Verifying Network Performance SLAs
Service-level agreements (SLAs) are an interesting concept because unless there is a major disruption, it is difficult to guarantee they are being met daily.
How do you know your carrier is meeting the requirements you are paying for? And if you are a carrier, how can you prove to your clients that you are delivering the service as agreed? Network and application performance issues can turn into a finger pointing war between a carrier and a customer. For a resolution to the endless argument, both sides need to be proactively monitor their networks to meet SLAs 24/7 and report accurately and consistently on service delivery.
The rapid growth of cloud computing, software-as-a-service (SaaS) and infrastructure-as-a-service (IaaS), coupled with the centralization of IT resources, means that more and more users are “remote” from the applications and data they are accessing. Business-critical network traffic must therefore move over WANs, service provider networks and the Internet.
All businesses and employees need uninterrupted access to these IP-based applications. But when network performance degrades, the performance of today’s network-dependent applications – including VoIP, videoconferencing, virtual desktop infrastructure (VDI) and IP storage – quickly degrades along with it. This makes monitoring and validation of network performance service-level agreements (SLAs) increasingly vital to business productivity.
SLAs specify the Quality of Service (QoS) that IT departments and other service providers are mandated to deliver. Business stakeholders point to SLAs as a way to quantify network performance and reliability in business terms. IT departments can benefit from SLAs as a way to illustrate service value, justify funding and compare price/performance against outsourced providers.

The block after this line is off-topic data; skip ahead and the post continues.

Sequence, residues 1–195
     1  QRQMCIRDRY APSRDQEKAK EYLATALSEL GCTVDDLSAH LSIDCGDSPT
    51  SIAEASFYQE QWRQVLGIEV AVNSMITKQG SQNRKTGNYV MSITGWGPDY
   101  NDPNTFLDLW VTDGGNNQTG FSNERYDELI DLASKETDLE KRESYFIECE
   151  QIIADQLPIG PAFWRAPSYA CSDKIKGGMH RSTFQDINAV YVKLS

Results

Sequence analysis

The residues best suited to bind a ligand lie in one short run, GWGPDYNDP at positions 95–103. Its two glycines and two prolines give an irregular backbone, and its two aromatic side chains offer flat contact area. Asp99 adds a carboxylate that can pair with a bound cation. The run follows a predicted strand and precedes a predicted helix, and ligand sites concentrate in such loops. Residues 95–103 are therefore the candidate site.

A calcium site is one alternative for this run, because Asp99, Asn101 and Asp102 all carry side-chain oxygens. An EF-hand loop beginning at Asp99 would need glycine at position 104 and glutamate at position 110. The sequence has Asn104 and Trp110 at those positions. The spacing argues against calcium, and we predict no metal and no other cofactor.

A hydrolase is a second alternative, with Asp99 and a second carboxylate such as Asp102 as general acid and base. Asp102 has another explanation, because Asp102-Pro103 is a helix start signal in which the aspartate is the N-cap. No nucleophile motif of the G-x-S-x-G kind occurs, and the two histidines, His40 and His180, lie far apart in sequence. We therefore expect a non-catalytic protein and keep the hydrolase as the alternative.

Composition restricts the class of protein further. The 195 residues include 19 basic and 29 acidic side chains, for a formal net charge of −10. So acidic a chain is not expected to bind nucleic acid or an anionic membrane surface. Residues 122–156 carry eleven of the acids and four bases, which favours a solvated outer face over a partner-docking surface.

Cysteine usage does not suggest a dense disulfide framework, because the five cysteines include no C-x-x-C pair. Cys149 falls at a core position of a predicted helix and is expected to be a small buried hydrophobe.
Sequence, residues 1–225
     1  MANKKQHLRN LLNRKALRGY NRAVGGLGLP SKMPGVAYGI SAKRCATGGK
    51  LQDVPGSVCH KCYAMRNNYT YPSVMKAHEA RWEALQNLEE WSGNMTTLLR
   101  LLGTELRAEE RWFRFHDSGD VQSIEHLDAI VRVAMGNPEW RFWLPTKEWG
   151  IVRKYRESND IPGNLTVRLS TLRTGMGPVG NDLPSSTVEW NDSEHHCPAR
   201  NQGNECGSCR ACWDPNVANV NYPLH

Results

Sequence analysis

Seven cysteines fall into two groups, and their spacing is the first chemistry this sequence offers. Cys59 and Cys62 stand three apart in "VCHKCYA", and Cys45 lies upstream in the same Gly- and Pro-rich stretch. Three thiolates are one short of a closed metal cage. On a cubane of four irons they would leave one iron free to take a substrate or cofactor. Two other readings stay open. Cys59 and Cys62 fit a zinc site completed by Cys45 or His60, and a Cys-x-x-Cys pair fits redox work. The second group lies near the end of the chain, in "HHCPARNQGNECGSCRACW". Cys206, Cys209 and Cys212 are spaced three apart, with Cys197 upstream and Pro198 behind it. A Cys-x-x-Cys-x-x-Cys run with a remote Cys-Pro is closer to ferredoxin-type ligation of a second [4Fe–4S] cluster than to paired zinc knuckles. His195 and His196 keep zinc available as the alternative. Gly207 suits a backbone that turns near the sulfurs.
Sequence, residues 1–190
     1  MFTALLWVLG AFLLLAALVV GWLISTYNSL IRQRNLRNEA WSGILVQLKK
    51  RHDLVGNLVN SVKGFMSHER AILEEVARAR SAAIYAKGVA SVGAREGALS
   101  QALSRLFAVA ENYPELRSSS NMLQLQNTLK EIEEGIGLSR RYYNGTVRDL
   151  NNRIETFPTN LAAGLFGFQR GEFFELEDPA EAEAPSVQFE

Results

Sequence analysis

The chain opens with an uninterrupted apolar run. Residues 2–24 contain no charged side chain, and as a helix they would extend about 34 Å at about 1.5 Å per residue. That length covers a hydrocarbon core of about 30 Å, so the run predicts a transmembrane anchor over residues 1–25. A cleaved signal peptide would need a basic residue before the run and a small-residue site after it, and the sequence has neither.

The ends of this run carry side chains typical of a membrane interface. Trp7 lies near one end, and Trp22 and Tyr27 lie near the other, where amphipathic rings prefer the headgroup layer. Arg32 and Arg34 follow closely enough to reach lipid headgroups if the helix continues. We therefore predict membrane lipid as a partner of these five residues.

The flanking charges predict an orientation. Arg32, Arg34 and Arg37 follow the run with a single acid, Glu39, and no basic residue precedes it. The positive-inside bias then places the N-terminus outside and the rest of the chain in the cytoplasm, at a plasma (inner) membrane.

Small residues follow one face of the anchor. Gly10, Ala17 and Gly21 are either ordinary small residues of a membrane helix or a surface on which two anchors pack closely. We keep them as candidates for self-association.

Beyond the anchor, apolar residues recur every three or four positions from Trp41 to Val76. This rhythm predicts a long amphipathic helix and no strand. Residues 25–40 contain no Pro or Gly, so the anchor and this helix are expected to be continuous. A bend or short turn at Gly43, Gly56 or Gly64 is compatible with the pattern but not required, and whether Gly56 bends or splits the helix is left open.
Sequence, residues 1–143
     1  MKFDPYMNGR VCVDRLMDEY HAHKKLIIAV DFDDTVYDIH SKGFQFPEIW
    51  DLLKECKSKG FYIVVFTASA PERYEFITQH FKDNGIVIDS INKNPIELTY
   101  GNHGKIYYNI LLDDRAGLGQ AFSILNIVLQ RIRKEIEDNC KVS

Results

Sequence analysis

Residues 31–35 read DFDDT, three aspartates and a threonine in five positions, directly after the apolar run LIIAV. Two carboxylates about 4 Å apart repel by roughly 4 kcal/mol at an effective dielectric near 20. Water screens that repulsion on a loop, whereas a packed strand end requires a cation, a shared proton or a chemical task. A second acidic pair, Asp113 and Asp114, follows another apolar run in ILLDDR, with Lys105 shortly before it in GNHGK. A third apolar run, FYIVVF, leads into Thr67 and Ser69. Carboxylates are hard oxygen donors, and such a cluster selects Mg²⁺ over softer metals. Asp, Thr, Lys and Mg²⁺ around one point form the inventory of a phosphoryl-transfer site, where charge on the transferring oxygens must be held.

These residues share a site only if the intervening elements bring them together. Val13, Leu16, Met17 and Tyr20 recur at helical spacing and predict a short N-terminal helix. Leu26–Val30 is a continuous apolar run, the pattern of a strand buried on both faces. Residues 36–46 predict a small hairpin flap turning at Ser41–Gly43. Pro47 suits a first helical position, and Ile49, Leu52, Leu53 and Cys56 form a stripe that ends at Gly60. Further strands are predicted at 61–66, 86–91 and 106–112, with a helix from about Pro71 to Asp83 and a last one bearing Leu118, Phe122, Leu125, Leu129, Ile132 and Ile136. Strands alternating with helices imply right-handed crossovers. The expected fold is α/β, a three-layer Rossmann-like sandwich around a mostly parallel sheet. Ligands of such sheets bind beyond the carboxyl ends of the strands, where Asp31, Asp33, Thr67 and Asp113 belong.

But monitoring QoS and isolating SLA violations and other problems over today’s complex, distributed and hyper-busy networks can be extremely difficult.
How do you verify QoS from the perspective of remote users accessing remote resources over networks you don’t own?
How do you deploy and manage the tools required to verify SLAs without introducing yet more network traffic and adding burdensome operational costs?
Many organizations still have no end-to-end visibility into the performance of public networks or those managed by service providers. Common technologies like IP SLA and SNMP cannot reach beyond a company’s own routers and switches.!
When the performance of IP-based applications starts to degrade below agreed levels, many network managers have no tools to accurately pinpoint the source of the problem. Is it with their network, or with a service provider network, or with the SaaS/IaaS provider? The result can be frustrating rounds of finger-pointing and flurries of calls to the Help Desk.
To verify SLAs and efficiently rectify violations and other network performance issues, network managers need three fundamental capabilities:
- End-to-end visibility into key metrics like bandwidth, latency, packet loss and jitter across the network path between services and remote users
- Hop-to-hop diagnostics that clearly pinpoint where problems are occurring, even over third-party or public networks
- Remote performance monitoring tools that automatically send alerts when performance drops below SLA thresholds
These insights let network managers “see beyond their own routers” to ensure an agreed level of QoS to their users, monitor third-party compliance with SLAs, and minimize – or even proactively eliminate — the impact of problems on business activities.
The PathView Cloud network performance management solution provides end-to-end SLA monitoring capabilities that meet today’s demands for comprehensive insight. Delivered as a zero administration, cloud-based service, PathView Cloud measures real-time performance against specified SLAs to any target with an IP address, delivering advanced diagnostics whenever and wherever problems arise.
Filed Under: performance monitoring